a really sad story

Yesterday should have been a happy day with nine koi coming home to Minnesota. Two boxes were carefully packed by GenkiKoi on Tuesday and sent out FedEx Priority Overnight. One box arrived well before 10:30 am on Wednesday. The second  box is still lost and the odds of two beautiful koi being alive are practically nil. The two 18″ koi  included an aka matsuba and an Omosako Shiro Utsuri.  I spent all day calling the trace action center, visited the Minneapolis FedEx receiving site and watched the hours go by. I posted some notes on social media and some people gave me emails of people to contact at FedEx including the CEO and some SVPs. Mid morning today I received a call from the FedEx executive offices asking about my package and it appears there is high level interest in finding the package. Too bad that all this effort will most likely not end with a happy resolution. Many koi keepers are telling me that you never know – they may beat every odd and be alive well beyond the normal length of time we think they can survive transport. It makes me very sad to think that two koi from Japan, nurtured so  carefully, have died in a box because some employee did not do their job.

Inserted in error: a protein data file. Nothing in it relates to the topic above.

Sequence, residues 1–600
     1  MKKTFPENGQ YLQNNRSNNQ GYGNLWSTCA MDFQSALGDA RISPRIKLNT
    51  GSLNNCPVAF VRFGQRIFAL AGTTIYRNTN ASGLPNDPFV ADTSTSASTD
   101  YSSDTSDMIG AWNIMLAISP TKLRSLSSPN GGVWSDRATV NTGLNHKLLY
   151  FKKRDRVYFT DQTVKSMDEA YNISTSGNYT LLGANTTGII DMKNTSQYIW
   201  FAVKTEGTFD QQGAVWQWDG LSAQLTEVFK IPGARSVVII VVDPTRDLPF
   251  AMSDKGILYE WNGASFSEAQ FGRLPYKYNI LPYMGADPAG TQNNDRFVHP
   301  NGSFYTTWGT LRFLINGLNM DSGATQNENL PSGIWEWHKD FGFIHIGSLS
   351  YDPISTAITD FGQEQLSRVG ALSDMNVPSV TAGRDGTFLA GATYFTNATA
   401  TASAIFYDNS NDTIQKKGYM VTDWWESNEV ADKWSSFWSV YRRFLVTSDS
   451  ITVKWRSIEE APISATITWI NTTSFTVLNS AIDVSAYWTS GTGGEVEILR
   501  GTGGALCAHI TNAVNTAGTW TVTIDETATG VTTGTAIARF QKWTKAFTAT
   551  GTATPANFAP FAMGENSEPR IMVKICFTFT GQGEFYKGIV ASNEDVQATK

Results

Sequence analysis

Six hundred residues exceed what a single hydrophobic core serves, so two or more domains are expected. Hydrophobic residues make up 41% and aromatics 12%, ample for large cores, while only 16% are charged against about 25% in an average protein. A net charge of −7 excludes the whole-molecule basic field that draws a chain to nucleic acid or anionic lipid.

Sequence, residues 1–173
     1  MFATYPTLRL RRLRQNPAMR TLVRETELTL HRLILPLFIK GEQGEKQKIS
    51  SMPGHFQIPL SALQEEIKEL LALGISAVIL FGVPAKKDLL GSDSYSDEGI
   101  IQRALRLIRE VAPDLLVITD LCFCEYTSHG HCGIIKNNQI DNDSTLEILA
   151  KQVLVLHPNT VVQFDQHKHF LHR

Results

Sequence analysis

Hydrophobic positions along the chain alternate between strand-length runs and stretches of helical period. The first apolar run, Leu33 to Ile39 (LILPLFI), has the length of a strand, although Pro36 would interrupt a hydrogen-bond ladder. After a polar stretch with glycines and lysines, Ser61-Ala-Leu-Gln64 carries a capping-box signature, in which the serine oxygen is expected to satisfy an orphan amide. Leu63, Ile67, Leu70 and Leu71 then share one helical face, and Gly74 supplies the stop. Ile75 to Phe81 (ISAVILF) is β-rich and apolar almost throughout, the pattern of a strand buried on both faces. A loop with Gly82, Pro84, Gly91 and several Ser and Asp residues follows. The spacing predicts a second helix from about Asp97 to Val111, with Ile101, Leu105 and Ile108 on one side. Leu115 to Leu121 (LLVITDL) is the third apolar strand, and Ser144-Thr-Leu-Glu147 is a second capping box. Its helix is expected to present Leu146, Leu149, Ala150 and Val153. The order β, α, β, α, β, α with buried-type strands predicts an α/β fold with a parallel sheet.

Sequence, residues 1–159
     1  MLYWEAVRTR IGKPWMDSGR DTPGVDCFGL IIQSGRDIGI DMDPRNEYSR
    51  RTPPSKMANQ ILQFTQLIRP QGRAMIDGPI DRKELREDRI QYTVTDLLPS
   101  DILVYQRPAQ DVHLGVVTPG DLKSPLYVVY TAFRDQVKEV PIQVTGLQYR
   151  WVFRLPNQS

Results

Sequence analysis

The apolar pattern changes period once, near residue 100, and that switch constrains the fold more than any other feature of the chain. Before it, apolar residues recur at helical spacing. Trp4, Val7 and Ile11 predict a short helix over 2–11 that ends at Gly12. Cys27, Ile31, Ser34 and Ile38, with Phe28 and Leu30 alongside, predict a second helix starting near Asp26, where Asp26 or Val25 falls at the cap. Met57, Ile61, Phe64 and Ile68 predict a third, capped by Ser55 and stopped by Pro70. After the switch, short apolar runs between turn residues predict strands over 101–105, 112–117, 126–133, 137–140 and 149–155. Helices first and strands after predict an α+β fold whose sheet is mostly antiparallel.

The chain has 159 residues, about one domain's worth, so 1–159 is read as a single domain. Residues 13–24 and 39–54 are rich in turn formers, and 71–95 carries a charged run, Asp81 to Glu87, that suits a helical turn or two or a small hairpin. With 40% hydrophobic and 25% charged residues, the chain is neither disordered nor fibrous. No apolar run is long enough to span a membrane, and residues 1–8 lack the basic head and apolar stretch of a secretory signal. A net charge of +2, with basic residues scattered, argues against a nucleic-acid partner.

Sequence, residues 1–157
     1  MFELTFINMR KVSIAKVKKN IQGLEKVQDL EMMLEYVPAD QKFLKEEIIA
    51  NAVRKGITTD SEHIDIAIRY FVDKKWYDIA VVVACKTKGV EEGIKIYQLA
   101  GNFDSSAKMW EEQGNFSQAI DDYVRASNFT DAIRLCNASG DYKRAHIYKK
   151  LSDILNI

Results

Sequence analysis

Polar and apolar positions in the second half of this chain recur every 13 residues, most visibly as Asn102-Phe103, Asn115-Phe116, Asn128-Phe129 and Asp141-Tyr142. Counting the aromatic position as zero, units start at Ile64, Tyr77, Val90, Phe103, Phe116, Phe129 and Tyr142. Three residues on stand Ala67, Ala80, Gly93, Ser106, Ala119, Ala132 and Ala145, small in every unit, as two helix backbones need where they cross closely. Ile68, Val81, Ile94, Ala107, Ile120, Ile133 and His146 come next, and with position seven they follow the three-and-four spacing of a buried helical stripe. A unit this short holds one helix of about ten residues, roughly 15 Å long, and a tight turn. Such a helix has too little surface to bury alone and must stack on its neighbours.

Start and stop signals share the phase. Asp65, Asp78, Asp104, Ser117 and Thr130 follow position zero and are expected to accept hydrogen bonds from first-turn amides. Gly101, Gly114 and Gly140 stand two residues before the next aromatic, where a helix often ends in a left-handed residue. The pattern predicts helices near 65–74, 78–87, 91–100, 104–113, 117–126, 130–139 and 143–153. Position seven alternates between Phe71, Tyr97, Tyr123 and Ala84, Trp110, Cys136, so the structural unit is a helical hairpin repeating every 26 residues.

So here are the lucky seven. I haven’t really spent much time with them since I have been preoccupied with the search for the second box.  This group is rather jumpy and ki utsuri wiggled out of the pond digger’s hand and hit the floor. Lost two scales but seems fine otherwise. The six shiros are very skittish. I found one this afternoon in the pump area. The craziest one is a large paler shiro with two dots on the head. I’ve slowed down the video to 75% to get a better view.

the lucky seven - floating the bag to ensure the temperature adjustment is not drastic
the lucky seven – floating the bag to ensure the temperature adjustment is not drastic